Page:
What are the different pricing models for processing fees?
We noted how credit card processing fees can fall within a specific range for each of the major credit card networks, but part of the fluctuation can be attributed to the pricing model chosen for credit card processing fees. Merchants may have the option to accept a pricing model that suits their needs best, so it’s important to know how each pricing model works:
- Tiered pricing: This type of pricing model comes with different pricing for transactions in different tiers or buckets. For example, certain qualified transactions may be charged a lower rate, whereas others require a higher percentage in fees. This type of pricing typically works best for merchants who process most of their transactions in the lowest tier.
- Flat rate pricing: Flat rate pricing works exactly as it sounds. With this pricing model, the credit card processor will charge the merchant a fixed percentage of each transaction plus a small per-transaction fee (usually $0.20 to $0.30 per transaction). This pricing model makes it easy for merchants to anticipate their credit card processing costs over time.
- Interchange Plus pricing: Merchants who are offered the Interchange Plus pricing model will pay the interchange rate for each transaction plus predetermined add-on fees. With Interchange Plus pricing, you may pay the interchange rate plus an additional percentage or a small fee per transaction.
Note that the unique factors that influence these pricing models are the reason you might pay 2.5 percent to 3.5 percent in fees to accept American Express or 1.43 percent to 2.4 percent to accept Visa. Many costs are wrapped into credit card processing fees, which can make the total cost of accepting credit cards vary dramatically over time.
How do the fees differ if the card is not presented in-person?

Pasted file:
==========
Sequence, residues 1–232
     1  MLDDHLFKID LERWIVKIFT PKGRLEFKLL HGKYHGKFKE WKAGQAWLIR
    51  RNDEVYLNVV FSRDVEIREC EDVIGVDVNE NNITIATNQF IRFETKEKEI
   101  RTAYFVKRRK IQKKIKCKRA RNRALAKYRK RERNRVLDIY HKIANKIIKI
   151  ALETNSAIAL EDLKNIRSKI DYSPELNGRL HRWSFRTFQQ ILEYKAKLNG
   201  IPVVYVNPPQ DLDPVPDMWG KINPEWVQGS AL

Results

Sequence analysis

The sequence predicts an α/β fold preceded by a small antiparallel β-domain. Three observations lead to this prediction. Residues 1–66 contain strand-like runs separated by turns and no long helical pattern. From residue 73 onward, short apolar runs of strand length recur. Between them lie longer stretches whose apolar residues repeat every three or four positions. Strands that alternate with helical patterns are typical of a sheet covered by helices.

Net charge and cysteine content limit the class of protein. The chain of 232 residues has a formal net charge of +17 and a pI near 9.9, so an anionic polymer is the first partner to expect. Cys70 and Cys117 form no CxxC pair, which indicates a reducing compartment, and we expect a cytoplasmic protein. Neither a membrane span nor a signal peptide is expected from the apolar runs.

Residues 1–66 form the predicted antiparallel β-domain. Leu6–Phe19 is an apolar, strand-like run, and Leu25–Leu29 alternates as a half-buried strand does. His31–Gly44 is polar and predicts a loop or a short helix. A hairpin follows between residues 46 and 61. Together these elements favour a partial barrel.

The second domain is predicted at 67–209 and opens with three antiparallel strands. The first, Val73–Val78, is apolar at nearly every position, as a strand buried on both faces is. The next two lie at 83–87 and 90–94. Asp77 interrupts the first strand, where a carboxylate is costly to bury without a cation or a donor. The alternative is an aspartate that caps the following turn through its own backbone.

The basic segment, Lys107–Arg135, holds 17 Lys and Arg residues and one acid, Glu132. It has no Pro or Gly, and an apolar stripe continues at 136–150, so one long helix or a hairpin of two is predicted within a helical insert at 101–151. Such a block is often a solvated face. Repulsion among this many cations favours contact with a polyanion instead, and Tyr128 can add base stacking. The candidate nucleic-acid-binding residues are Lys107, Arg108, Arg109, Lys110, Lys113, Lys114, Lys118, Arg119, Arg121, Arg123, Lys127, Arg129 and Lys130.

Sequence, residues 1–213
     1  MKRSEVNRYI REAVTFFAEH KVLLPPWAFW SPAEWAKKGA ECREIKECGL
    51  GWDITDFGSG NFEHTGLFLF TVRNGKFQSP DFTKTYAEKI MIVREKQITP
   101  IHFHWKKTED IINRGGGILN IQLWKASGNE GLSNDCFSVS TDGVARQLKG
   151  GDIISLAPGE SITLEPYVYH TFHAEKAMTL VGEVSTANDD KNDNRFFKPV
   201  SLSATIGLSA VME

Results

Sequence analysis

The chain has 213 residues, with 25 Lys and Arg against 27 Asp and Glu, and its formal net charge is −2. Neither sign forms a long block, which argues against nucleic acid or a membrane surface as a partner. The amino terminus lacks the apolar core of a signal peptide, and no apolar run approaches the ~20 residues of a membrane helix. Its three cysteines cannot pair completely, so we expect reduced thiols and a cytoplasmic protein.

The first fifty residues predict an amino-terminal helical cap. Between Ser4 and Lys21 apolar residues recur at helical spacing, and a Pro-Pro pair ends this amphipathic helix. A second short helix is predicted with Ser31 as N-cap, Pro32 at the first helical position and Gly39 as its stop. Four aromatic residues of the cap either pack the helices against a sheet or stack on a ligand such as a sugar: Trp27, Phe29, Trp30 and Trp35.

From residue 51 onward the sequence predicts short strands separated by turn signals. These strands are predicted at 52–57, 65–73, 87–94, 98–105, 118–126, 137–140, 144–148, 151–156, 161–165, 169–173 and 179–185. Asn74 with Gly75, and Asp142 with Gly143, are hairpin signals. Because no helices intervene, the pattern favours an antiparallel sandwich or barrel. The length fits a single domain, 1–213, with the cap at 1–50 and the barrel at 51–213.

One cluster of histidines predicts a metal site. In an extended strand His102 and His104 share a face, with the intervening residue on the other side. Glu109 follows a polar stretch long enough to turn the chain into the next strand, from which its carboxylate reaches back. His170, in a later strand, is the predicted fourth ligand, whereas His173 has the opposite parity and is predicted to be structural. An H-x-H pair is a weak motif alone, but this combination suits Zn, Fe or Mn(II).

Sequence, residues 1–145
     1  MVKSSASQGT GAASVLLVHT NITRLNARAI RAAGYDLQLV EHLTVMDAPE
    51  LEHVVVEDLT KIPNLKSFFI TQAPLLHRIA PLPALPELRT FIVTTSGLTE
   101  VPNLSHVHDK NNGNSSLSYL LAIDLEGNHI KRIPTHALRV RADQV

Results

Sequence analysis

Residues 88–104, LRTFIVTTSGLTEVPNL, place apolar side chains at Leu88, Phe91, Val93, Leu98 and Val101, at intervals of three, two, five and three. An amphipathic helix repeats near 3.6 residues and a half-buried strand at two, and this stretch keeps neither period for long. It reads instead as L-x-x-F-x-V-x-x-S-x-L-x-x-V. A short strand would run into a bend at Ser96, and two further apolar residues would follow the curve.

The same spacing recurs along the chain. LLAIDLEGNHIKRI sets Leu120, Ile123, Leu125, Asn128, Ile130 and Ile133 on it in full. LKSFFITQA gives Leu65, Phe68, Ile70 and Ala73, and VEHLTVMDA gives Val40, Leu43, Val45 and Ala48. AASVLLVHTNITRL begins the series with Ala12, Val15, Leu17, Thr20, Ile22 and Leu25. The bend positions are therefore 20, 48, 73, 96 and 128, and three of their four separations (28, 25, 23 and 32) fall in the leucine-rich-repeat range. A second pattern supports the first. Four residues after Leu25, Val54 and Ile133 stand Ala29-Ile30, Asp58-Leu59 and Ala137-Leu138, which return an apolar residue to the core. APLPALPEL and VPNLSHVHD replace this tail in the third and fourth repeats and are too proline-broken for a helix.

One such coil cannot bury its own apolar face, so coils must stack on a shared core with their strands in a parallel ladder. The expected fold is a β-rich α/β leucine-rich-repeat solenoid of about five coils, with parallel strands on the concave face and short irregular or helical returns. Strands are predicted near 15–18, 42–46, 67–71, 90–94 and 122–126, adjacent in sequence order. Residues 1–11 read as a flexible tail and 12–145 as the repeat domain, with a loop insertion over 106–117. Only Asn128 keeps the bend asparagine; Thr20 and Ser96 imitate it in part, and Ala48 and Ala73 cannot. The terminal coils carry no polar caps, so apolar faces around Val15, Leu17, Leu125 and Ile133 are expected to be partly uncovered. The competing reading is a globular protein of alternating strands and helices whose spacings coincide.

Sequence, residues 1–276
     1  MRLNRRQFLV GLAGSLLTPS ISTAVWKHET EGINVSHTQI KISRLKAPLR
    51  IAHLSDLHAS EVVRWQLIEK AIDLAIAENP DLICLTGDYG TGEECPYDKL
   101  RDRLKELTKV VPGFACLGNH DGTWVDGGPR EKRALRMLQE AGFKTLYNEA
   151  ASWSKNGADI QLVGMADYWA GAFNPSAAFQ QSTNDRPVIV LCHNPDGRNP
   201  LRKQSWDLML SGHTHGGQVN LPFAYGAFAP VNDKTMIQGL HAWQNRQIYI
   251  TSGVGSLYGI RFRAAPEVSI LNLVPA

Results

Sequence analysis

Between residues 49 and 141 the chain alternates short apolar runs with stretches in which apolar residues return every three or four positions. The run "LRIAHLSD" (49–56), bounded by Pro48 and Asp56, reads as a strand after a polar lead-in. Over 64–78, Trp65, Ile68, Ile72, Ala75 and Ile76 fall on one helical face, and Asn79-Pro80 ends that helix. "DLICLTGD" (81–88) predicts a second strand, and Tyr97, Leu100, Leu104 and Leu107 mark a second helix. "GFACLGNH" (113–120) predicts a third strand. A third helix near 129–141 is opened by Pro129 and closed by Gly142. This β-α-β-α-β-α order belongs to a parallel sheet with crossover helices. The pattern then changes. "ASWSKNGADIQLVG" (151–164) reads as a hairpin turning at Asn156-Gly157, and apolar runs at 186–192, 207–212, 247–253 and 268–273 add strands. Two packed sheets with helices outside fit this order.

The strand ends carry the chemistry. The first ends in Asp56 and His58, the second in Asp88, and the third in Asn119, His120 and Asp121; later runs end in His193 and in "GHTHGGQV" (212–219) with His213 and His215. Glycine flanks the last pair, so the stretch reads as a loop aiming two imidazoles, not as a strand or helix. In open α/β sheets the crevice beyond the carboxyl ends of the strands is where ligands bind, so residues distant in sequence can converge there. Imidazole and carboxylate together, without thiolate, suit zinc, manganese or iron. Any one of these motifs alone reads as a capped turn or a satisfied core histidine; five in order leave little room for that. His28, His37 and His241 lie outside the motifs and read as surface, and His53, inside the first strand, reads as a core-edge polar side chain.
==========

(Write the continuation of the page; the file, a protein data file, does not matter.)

Credit card processing fees can be higher for purchases made online or over the phone, and there’s a good reason why. Credit card chip technology has made in-person purchases considerably more secure, but online purchases are most susceptible for fraud since a credit card chip cannot be used to create a unique token for each transaction, and since all you need is a credit card number and a security code to make an online purchase.
Other fees to be aware of
Note that there are plenty of other (sometimes hidden) credit card processing fees to be aware of. For example, you may face initial fees when you sign up for a credit card processing company that will provide you with terminals that help you process your transactions.
Other fees you could face are all over the place but may include fees from your credit card processor each time a customer disputes a charge, fees for chargebacks, fees for non-sufficient funds to pay your credit card payment processor and more.
Credit card payment processors to consider
Note that, if you want to take some of the guesswork out of credit card processing fees, several services make estimating your processing costs easier to manage. If you use a service like PayPal, Square or Stripe, for example, you’ll pay a flat credit card processing fee per transaction, as follows: